Open letter

A catastrophic health reform

A catastrophic health reform

The MSSS will soon have a new health minister taking office. A review of the harmful effects of the reform launched in September 2015 by outgoing minister Gaétan Barrette is in order – particularly its impact on frontline social services.

Why focus on social services? Because this reform has definitively altered the tenuous balance that existed between the health dimensions and the social dimensions of our public health system. In less than one term of office, this politician and former doctor succeeded in disrupting the structures and imposing his narrow vision of health, by stripping local bodies of their decision-making authority. Yet Québecers’ health doesn’t just depend on access to a doctor or care delivered by nurses. Health is a much more complex equation.

Clearly, social services — especially frontline services such as psychosocial and rehabilitation services – were especially hard hit by this centralizing health reform, and suffered catastrophic losses. Loss of power, certainly, but also loss of expertise and close contact with the communities. To take just one example of integrating youth centres within gigantic health and social services centres (CISSS) when, in a region like Estrie, the office designed to receive reports of incidents is located in Sherbrooke, while the territory that has to be covered now extends from Brigham in the Montérégie to Mégantic and Asbestos in Estrie. And we’re supposed to tell the population that access to crucial social services has been improved!

Fewer local services

The 2015 reform left rural and semi-rural communities poorer off, particularly by cutting the anchor line that tied public social services to the community. In finalizing the development of corridors of care with diagnosis-based programs/services, social services were reorganized around our major hospitals and placed under their authority. These hospitals became the “foundational unity” of this reform.

Yet the reorganization of services that ensued from Barrette’s reform runs counter to the population-based responsibility conferred on local service networks by the Act respecting health services and social services, which until then had required that local bodies play a co-ordinating role.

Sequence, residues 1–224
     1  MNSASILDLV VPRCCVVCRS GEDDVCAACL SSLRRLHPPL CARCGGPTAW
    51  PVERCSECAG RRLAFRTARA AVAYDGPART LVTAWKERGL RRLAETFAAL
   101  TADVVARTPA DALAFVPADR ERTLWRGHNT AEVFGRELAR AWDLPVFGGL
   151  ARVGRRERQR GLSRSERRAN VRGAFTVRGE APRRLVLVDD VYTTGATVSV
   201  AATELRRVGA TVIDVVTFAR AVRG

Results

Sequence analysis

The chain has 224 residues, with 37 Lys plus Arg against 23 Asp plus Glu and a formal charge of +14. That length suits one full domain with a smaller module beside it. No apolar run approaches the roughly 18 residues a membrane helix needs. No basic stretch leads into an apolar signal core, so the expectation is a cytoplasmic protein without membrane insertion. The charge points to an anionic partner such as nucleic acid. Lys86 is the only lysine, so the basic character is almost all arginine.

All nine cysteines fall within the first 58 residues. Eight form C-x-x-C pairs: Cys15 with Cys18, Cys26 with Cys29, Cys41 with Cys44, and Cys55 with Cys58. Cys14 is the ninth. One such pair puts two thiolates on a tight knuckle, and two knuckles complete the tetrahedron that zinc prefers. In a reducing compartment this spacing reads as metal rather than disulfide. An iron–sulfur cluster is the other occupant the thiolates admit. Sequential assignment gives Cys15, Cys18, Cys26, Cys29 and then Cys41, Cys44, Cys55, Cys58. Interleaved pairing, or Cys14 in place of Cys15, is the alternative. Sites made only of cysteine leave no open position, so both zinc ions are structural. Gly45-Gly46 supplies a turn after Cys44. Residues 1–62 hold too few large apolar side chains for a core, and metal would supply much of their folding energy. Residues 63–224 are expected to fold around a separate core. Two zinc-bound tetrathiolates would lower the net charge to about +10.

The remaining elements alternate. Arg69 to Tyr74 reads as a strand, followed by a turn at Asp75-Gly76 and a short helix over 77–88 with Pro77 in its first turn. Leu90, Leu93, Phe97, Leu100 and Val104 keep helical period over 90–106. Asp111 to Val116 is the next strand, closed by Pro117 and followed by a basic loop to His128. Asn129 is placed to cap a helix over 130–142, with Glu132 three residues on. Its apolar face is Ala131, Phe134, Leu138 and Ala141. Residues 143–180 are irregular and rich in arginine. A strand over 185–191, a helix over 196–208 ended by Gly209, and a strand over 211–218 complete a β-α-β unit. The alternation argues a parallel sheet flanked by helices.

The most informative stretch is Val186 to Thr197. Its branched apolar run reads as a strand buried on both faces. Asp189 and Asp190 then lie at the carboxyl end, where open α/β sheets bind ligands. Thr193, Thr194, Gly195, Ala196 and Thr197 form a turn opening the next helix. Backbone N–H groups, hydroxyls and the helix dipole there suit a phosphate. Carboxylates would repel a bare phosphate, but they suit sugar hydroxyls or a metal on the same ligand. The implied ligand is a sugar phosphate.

In removing local co-ordination and relegating all decisions to the regional level, this reform had a hand in destroying local solidarity.


As a result, individuals facing a situational crisis (a break-up, bereavement, job loss) now have more difficulty finding a satisfactory response in their locality within a reasonable period of time. Because despite the best intentions of social workers who are faced with waiting lists and strict eligibility criteria for certain services, those who are in vulnerable situations may forfeit their “right of use” by being systematically directed toward private insurance programs or to a community organization where they have to pay for a membership card.

Fewer social services

This reform has also undermined the motivation and professional autonomy of our social workers. Denigrating their expertise that’s anchored in communities, the Barrette reform gives more power and money to doctors and to big hospitals, and keeps professionals in social services far from the centres of decision-making. This devaluation of the social dimension that’s intrinsic to health is reflected in the health and social service centres’ current process of hiring new social service professionals. Flexibility is the primary criterion for hiring candidates who hope to land a first assignment in our big healthcare machine, which has become the quasi-exclusive public employer for these young professionals.

Considered simply as “human resources” that are called on to serve the big healthcare machine, these young professionals are forced to accept whatever they’re offered, and may be dispatched at any time of the day or night over vast territories.

Generating distress and illness

The Barrette reform, by centralizing services and above all by eliminating the local decision-making level, will have a devastating effect on social services, which are being ascribed a secondary (and indeed accessory) role. Because the relevance of social services hinges on the ties they retain with local communities, and this structural reform ignores that fact, entrusting doctors and accounts managers with the governance of our integrated health and social services centres. If you need convincing, take a quick look at the composition of the Boards of Directors!

In this context, it should come as no surprise that we are witnessing a steady rise in suicide crisis situations and distress calls on the part of citizens who no longer know where to go to ask for help. In reducing the delivery of frontline services (prevention) – offered in communities – to invest in the treatment of illnesses, our healthcare system today only attends to treating the sick. To put it another way, if service users aren’t ill at the time they ask for help, circumstances will soon force them to become so.

Hence the importance, in light of our provincial elections, of examining the political parties’ vision of health (beyond the strictly medical aspects), for those concerned not only about the health of Quebecers but also about the health and development of our communities..

This text was published in Le Devoir, July 5, 2018.

David Bergeron, Social worker, Institut universitaire de gériatrie de Sherbrooke  | October 1, 2018

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